New Zealand Bonsai

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Bonsai is an artistic, symbolic recreation of nature and not a replica of it. It is more an abstraction of nature.

 A bonsai develops from a combination of what you feel about the tree and how the tree behaves. There is no actual conflict between the natural element of chance and the human element of control, but there is a constant compromise.

It is the plant – the roots and trunk, the branches, the twigs and the leaves – as much the trunk and branches, the how a bonsai will develop. Too many new students feel that they have created a bonsai, and often it will be years before they realize that their effort is only a small contribution to the plant and the bonsai that results.

Trees have their own personalities and cannot be expected to behave the same as another tree of the same species, or even of the same variety. Every pine does not behave like every other pine; every black pine cannot be expected to develop the same as another black pine. And, it would be a mistake for you to treat every pine alike.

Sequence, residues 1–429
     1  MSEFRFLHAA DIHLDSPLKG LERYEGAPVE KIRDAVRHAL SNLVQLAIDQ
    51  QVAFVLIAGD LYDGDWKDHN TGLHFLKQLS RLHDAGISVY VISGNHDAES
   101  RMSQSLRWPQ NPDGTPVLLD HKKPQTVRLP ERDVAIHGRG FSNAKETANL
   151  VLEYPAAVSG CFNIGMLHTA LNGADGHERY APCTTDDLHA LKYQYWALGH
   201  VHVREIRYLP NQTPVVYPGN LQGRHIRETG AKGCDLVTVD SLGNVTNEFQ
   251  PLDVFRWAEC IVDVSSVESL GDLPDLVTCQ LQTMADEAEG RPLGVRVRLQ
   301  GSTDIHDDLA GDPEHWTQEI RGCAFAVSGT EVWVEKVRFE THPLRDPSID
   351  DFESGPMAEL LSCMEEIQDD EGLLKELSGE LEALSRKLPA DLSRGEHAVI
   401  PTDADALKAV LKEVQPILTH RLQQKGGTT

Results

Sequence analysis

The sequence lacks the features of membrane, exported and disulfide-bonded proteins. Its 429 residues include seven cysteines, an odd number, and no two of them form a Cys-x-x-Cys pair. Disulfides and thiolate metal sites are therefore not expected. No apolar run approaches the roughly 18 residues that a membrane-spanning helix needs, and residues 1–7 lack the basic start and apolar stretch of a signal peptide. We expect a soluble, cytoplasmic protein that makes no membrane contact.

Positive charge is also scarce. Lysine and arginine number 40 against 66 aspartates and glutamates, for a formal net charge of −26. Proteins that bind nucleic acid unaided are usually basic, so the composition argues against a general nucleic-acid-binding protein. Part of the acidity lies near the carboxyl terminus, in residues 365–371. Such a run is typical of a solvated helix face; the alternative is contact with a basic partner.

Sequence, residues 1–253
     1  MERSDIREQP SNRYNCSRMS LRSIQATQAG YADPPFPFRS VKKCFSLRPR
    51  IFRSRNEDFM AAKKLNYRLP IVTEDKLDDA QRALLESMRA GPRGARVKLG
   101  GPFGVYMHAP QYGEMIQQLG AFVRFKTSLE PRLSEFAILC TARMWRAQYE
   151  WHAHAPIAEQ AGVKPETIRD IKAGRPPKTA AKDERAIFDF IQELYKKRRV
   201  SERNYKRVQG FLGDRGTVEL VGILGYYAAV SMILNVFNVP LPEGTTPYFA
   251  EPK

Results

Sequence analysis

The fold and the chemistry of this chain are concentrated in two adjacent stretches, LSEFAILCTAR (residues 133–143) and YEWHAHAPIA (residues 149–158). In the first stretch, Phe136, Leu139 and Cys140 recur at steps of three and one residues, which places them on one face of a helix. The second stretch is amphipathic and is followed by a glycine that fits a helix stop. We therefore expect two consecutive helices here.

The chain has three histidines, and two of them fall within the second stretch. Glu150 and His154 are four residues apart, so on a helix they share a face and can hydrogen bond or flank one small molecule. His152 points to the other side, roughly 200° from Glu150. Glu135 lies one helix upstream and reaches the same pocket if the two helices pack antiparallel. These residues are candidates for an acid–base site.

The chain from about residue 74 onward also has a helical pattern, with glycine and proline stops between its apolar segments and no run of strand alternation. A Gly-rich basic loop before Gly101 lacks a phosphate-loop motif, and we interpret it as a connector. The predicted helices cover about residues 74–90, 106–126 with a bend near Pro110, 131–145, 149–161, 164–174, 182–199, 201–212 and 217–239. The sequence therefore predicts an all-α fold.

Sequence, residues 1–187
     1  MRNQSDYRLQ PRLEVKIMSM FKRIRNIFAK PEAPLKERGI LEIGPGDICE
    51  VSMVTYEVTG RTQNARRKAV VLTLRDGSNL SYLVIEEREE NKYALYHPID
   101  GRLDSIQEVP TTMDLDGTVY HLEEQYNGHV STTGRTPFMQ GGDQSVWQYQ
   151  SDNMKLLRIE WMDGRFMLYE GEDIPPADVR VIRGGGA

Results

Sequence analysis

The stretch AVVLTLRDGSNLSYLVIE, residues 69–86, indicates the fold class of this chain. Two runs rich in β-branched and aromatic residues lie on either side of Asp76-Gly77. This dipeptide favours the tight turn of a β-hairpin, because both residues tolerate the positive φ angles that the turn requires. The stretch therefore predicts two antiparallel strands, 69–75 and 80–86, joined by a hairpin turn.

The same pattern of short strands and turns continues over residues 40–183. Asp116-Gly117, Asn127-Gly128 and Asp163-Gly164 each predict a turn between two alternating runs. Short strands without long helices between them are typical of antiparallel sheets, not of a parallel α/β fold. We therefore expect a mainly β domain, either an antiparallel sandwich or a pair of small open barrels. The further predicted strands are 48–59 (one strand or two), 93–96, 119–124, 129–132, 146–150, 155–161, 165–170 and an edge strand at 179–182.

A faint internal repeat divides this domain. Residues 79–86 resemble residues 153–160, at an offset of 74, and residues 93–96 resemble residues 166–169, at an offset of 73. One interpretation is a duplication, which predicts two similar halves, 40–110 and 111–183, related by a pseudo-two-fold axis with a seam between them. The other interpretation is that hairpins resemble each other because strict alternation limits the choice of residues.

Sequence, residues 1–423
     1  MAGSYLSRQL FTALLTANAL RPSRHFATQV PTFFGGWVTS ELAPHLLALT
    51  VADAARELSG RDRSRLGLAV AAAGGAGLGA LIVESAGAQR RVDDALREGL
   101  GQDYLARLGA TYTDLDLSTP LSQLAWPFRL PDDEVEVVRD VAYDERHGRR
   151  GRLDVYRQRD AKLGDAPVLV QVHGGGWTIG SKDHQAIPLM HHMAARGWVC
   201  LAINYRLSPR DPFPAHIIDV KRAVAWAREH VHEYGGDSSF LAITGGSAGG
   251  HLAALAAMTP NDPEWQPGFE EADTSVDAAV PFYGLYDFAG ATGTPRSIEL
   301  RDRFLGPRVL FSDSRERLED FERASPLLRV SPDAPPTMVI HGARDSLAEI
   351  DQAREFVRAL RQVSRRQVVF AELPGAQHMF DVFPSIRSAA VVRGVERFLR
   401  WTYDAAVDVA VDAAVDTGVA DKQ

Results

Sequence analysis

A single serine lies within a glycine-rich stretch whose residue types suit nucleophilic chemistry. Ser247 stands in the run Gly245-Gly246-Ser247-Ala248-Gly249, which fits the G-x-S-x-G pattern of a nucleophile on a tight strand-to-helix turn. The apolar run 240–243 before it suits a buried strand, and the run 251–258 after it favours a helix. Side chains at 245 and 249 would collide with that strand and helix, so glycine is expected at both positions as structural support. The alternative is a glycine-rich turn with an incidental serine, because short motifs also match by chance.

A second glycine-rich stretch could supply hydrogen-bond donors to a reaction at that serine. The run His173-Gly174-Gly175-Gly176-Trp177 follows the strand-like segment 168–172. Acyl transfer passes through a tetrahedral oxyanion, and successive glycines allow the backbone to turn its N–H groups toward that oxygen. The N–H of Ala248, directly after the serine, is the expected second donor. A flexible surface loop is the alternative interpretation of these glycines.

On the other hand, your feeling about every black pine will not be the same. The development of the plant is a result of what you feel and what nature offers. It is a compromise between nature’s random growth and the control you exercise to that growth.

 The ultimate goal in shaping a bonsai is an elusive, ethereal thing rather than an inflexible blueprint of future development. It is a changing, growing thing that you guide from year to year with no real completion time or end. The enjoyment of bonsai is giving some control to nature’s seemingly purposeless growth.

And, there really should be no final goal for the development of your bonsai, for, if you were to achieve it, there would be nothing to strive for, and for the bonsai student, striving is the goal. There is a proverb that says to travel well is better than to arrive.

 – Khan Komai

Seen at NewZealandandTeaTreeBonsai


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